– Featured Library Artists and Murals: A WPA Legacy

Although originally founded in 1914, the Mary S. Biesecker Public Library’s current location dates to 1943. The library at 230 South Rosina Avenue was constructed as part of the Works Progress Administration (WPA), a New Deal program created to provide jobs for the unemployed during the Great Depression, providing not only employment but a number of much-needed infrastructural projects across the United States. The WPA along with the Civilian Conservation Corps (CCC) were heavily active in Somerset County during that period. Learn more about the WPA and search locations of WPA sites through the Living New Deal website.

Soon after its creation in 1943, the library was gifted three murals by artists associated with the Somerset Summer Art School of 1939-1940. This was a popular artist’s colony in Laurel Hill State Park created by the three artists below, along with painter Samuel Rosenberg. This School employed artists well-known for their work in a variety of fields, each of whom sought to capture unique and important moments in Somerset County History.

Esther Topp Edmonds: Landscape Artist and Educator

Esther Topp Edmonds (1893-1954) was the daughter of a prominent architect, O.M. Topp, from Pittsburgh, PA. Educated at Cornell University and the Carnegie Institute of Technology (now Carnegie Mellon), she traveled back and forth between the United States and Norway, painting primarily landscape portraits in watercolor. In 1944 she created a mural for the Biesecker Library, showing President James Buchanan and Secretary of State Jeremiah Black (a Somerset native) discussing the crisis at Fort Sumter just before the outbreak of the Civil War. Topp spent most of her life in Pittsburgh, teaching art courses at Carnegie Tech. She died in Stockton, California in 1954. Learn more.

Kindred McLeary: Artist and Architect

Born in Weimar, Texas, artist Kindred McLeary (1901-1949) taught courses on art and architecture at Carnegie Technical Institute (now Carnegie Mellon) in Pittsburgh and maintained a private studio in Confluence, PA. McLeary is best-remembered for his murals commissioned by the WPA in the ’30s, the most famous of which, “Defense of Human Freedoms,” hangs in the U.S. State Department headquarters in Washington. He also painted the center wall mural overlooking the circulation desk, depicting Frederick C. Goeb printing the “first Bible West of the Alleghenies” in Somerset in 1813. Learn more.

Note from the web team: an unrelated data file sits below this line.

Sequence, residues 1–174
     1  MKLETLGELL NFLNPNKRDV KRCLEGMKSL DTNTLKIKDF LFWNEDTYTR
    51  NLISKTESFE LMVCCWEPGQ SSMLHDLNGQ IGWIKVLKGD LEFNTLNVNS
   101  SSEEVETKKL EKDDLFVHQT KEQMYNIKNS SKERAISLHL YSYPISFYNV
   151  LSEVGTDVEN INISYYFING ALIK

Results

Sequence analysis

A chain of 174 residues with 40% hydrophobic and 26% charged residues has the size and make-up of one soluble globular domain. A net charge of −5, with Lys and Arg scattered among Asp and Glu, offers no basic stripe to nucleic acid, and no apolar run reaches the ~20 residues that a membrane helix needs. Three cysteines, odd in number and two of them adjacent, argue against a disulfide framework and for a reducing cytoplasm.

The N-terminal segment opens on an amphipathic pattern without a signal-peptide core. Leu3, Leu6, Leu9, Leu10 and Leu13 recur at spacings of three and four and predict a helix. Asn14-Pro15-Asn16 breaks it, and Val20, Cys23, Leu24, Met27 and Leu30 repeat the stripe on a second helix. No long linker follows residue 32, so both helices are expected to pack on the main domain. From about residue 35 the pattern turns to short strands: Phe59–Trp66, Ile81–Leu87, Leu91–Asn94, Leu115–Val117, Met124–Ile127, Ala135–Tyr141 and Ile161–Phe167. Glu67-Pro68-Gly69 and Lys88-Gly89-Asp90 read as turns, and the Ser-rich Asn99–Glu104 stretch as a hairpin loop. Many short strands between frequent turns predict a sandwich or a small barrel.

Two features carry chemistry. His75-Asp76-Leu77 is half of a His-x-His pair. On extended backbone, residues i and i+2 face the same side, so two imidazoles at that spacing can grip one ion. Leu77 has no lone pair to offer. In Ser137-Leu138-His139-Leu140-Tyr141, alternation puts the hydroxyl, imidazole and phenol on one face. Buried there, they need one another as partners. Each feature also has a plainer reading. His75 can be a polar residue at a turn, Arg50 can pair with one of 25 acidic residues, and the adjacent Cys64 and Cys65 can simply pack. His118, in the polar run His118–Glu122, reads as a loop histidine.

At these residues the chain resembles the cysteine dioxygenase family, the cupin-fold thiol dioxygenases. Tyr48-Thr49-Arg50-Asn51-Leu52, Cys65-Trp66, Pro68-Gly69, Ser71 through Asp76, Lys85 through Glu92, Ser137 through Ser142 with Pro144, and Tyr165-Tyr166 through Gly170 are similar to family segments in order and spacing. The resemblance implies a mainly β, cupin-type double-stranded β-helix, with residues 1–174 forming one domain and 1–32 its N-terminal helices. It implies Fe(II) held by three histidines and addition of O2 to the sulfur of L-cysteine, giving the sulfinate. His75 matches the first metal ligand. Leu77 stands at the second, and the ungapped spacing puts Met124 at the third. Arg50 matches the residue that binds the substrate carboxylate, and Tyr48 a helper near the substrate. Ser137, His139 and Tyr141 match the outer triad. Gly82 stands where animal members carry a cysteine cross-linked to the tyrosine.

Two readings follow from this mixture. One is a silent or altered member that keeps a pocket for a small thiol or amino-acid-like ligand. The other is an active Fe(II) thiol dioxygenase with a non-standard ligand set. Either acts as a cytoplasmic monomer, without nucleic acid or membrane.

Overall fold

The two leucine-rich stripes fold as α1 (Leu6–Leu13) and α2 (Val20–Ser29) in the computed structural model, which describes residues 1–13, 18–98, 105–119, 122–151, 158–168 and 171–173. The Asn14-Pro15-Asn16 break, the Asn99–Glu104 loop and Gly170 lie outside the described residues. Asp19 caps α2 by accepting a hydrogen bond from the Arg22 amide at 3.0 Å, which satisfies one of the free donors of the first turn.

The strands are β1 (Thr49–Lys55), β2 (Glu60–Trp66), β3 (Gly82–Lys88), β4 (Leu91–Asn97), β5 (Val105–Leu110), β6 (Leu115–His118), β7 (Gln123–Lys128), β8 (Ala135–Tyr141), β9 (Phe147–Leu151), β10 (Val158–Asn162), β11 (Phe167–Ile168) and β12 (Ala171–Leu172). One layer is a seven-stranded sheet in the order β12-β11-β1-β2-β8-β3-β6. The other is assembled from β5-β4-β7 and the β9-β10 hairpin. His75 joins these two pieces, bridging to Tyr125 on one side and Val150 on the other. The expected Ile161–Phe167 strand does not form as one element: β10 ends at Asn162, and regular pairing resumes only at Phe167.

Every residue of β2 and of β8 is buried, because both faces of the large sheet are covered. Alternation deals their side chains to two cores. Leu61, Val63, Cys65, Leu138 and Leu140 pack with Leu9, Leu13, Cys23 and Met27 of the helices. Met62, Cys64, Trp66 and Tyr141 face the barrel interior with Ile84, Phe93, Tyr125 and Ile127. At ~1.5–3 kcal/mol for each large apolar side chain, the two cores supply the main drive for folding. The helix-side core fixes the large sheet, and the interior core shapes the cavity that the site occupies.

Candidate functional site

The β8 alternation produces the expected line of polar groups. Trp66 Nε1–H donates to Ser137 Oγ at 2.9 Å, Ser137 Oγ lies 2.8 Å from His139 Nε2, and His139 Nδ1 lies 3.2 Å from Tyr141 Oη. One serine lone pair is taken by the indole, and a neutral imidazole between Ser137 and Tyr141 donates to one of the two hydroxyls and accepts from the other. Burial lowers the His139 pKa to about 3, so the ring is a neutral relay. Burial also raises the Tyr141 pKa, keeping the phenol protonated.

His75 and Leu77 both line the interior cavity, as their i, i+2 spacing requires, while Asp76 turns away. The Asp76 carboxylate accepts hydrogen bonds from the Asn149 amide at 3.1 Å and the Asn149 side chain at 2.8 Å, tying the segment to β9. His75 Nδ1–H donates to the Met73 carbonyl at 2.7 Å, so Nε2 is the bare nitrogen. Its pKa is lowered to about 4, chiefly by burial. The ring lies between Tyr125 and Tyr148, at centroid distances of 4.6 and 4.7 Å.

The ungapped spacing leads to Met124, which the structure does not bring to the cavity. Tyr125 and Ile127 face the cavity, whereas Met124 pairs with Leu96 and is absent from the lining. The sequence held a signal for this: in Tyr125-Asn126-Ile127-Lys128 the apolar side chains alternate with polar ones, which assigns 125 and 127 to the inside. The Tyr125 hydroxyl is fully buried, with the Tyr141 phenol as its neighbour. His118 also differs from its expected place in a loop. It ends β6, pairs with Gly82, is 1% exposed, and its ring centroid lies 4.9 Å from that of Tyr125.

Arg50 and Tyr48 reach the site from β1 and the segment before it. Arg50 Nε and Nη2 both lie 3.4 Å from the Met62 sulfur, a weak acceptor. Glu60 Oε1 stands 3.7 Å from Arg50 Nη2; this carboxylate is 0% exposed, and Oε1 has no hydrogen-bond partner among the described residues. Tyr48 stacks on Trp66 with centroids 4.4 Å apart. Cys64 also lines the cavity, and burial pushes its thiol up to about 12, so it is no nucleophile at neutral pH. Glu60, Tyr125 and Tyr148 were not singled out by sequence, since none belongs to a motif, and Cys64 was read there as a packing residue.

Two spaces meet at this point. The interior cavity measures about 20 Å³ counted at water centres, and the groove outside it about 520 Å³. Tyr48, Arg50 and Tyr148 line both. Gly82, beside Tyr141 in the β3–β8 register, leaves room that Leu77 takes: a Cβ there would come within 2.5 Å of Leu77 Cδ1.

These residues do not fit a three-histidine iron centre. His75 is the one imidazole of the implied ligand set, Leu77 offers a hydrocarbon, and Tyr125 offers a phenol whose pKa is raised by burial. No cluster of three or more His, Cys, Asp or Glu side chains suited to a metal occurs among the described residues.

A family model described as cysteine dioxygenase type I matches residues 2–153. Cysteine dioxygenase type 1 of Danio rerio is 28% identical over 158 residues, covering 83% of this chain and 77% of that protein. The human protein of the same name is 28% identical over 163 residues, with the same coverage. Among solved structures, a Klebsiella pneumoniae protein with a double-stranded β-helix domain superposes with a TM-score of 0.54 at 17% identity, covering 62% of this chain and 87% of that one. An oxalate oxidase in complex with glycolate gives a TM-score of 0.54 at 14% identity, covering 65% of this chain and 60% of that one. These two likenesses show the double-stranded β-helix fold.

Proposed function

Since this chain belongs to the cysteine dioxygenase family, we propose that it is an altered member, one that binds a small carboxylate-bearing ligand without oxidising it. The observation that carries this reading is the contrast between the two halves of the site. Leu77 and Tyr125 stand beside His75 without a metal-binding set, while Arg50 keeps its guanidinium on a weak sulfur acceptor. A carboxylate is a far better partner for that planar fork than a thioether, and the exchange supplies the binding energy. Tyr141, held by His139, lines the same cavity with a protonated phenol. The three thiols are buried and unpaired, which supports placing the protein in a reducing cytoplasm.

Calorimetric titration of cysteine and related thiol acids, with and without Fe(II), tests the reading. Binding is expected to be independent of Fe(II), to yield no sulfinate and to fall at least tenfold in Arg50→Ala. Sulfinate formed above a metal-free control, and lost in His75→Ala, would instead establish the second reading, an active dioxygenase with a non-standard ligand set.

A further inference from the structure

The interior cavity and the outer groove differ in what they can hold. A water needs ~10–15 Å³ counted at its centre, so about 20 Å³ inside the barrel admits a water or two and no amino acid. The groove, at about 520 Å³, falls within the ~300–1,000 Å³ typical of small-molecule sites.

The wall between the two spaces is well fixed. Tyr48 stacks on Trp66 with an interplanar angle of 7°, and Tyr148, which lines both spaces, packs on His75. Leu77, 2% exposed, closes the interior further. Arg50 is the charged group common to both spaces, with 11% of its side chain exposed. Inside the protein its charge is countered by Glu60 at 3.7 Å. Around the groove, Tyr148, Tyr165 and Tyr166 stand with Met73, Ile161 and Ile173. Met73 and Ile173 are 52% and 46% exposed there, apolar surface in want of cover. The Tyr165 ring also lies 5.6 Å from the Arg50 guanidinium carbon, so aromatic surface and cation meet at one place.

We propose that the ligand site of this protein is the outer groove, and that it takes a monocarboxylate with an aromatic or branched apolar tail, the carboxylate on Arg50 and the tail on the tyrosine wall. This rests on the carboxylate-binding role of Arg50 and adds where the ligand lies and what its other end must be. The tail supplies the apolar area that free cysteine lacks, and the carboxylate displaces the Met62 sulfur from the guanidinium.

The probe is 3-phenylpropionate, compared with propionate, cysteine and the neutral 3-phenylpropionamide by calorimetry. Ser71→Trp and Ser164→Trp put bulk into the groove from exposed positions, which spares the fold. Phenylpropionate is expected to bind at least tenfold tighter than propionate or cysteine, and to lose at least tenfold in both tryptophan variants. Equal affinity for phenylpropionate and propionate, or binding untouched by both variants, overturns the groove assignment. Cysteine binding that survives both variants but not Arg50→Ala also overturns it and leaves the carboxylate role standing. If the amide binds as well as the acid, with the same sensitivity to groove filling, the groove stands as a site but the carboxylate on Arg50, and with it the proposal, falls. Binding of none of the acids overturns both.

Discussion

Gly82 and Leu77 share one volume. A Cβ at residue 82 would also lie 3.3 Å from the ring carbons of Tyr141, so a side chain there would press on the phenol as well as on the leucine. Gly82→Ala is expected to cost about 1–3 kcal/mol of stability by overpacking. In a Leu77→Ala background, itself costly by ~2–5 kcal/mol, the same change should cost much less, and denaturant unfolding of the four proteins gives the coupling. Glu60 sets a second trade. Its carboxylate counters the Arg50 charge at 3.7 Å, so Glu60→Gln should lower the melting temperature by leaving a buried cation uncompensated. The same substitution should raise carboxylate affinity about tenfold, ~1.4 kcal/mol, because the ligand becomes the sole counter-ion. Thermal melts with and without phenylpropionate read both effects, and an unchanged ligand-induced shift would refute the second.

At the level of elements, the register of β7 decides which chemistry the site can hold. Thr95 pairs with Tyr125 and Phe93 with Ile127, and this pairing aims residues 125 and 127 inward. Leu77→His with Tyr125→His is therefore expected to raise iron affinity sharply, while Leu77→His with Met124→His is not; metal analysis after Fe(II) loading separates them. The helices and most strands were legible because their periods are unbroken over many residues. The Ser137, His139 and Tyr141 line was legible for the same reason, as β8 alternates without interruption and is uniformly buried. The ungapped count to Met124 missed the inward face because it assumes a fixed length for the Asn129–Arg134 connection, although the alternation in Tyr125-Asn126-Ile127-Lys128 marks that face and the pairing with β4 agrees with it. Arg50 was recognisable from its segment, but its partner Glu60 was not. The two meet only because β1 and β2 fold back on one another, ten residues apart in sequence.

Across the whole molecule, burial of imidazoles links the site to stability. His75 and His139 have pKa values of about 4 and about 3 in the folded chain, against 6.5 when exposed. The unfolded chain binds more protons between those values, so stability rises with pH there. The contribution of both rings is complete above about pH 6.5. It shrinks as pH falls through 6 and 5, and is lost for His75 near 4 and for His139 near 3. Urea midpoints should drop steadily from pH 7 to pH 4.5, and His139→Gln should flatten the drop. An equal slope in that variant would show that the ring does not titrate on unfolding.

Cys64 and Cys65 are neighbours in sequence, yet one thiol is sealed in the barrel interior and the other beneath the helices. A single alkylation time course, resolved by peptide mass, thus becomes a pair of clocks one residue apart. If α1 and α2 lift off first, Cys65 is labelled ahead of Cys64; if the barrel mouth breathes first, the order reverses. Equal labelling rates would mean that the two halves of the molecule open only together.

Alexander Jusserand Kostellow: Graphic Artist and Educator

Born in modern-day Iran, Alexander Jusserand Kostellow (1894-1954) studied art in Paris and Berlin before emigrating to the United States in 1916. A true Man for All Seasons, Kostellow was a prolific artist who also earned a reputation as “the father of industrial design education” by creating an extensive curriculum at Carnegie Tech in the 1930s, then teaching at the Pratt Institute in Brooklyn. Among his students was Bill Mitchell, the designer of classic GM cars from the Chevrolet Bel Air to the Corvette Stingray. Kostellow painted the third mural in the Mary S. Biesecker Public Library, depicting the arrival of early pioneer Harmon Husband to the “New Jerusalem” in Western Pennsylvania. Kostellow also oversaw painting of the murals in the Somerset Post office and took part in several local art exhibitions during his time at the Summer Art School. Learn more.

Pennsylvania Art Prints by Katherine Milhous

We also unveiled our original Federal Art Project prints from noted artist Katherine Milhous for display in our genealogy room. Milhous, a native of Philadelphia, was born to a Quaker family and grew up disappointed that there wasn’t more art celebrating her state’s native heritage. In the 1930s, she served as director of the Federal Art Project in Philadelphia, a sub-agency of the WPA, which created a series of vibrant and expressive graphic prints celebrating Pennsylvania, particularly its Amish and German-American heritage. Milhous’s work was widely acclaimed and displayed at the 1939 World’s Fair in New York City. She later gained further renown as an author and illustrator children’s books; her most famous work, The Egg Tree, won the Caldecott Medal in 1951. Learn more about Katherine Milhous, and access the Library of Congress’s online catalog of her work.

We are proud to host these unique art works celebrating Somerset and Pennsylvania heritage. They demonstrate the Mary S. Biesecker Public Library’s long and proud history, along with placing us in the context of our state and country’s development. We hope that next time you visit the library, you’ll take a moment to enjoy these special works of art.